What theanine does do is allow the brain to recover from exercise. [3] When given 50mg theanine after initiation of exercise. Brain wave patterns of cyclists decreased in intensity and shifted to lower frequencies with theanine administration. It decreased the time to onset of mental regeneration. In other words it helped the cyclist calm down their minds more quickly.

Another thing theanine does is help with immune function. In a study done with distance runners, researchers looked at immune function of runners with cystine/theanine combo vs placebo. The combo kept the immune system running better than the placebo after 10 days of training. [4]

Another study shows the same thing in resistance training in men. [5]

It should be noted in these studies that a combination of theanine and cystine was used which means we can’t extrapolate the effect solely to the theanine. We’d need another study using just theanine to be able to say that.

So theanine can help mice swim longer, make people have better immune function in combo with cystine after exercise, helps the brain recover after exercise, and according to yours truly can help focus your caffeine jolt (this last one is unscientific).

Theanine has also been shown to help relieve stress. In a study done with theanine, caffeine and placebo, subjects were given mental tests and their blood pressures recorded at intervals during the tests and after. They were also submitted to a cold pressure test (submerging your hand in ice water for a minute) which is used to raise blood pressure.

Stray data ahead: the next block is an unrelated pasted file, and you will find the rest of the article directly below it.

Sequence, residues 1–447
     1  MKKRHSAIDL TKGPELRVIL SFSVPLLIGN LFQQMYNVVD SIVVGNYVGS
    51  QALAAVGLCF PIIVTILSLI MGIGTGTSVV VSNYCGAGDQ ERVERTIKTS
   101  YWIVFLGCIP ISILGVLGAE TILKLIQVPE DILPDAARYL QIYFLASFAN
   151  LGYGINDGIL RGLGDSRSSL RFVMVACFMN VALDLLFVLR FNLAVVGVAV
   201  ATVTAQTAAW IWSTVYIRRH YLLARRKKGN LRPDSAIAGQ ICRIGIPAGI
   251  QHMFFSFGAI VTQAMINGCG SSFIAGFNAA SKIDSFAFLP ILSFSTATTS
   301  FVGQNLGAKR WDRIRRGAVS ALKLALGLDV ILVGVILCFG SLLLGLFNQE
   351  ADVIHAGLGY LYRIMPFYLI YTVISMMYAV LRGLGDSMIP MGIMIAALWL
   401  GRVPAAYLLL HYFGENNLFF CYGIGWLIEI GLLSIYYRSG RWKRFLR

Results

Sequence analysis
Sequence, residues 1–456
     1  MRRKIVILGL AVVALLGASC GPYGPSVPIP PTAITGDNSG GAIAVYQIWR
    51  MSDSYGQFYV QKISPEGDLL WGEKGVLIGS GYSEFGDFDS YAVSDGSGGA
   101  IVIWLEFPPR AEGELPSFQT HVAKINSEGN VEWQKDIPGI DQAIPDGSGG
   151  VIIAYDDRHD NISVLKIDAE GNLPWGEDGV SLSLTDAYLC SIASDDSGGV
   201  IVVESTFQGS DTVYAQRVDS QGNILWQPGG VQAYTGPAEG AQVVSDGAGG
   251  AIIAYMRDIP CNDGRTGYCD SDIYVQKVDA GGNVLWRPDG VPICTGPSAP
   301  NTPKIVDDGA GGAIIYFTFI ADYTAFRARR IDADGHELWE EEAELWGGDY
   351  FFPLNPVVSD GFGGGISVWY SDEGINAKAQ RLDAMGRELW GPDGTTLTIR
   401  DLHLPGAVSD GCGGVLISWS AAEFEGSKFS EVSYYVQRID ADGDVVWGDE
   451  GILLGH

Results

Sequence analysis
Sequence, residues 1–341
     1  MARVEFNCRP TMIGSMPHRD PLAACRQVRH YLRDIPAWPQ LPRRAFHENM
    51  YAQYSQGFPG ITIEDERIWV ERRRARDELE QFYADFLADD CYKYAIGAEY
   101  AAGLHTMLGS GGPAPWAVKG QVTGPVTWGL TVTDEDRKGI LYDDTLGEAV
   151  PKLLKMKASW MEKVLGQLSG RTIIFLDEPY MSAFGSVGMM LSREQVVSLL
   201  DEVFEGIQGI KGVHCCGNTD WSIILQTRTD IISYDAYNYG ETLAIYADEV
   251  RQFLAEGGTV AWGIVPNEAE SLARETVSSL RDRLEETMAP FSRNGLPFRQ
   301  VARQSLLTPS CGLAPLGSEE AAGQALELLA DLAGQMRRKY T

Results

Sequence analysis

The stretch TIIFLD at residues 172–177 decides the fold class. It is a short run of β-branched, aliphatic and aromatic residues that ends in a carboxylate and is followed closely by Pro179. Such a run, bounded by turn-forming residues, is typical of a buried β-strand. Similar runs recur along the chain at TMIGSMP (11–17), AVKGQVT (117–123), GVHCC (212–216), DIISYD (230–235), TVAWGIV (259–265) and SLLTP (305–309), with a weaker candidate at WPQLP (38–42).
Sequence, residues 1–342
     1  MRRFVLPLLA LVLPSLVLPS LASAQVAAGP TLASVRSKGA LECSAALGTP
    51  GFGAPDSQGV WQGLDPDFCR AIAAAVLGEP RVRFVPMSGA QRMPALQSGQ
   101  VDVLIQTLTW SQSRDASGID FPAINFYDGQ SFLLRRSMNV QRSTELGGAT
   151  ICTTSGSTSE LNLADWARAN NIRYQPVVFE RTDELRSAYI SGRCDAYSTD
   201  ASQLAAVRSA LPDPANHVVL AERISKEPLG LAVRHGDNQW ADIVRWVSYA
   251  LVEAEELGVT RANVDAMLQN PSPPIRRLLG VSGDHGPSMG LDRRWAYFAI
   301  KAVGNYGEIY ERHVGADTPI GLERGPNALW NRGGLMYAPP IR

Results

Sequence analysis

In the groups there were high responders and low responders. In the high responder group there was a significantly less increase in blood pressure with the mental tests with both caffeine and theanine, but not with placebo. There was no difference with the cold pressor test. In the low response group there were not differences noted between the 3 groups. [6]

one interesting finding was that in the high responders group caffeine actually reduced blood pressure which is somewhat counterintuitive to what a person might initially think. This didn’t hold with the low responders group. It’d be interesting to do a study and see what mechanisms make those different.

This study shows that there may be some people who just don’t respond to theanine like others which is important to note. Just because you take theanine doesn’t necessarily mean it’s going to help reduce your blood pressure from the pangs of psychological stress.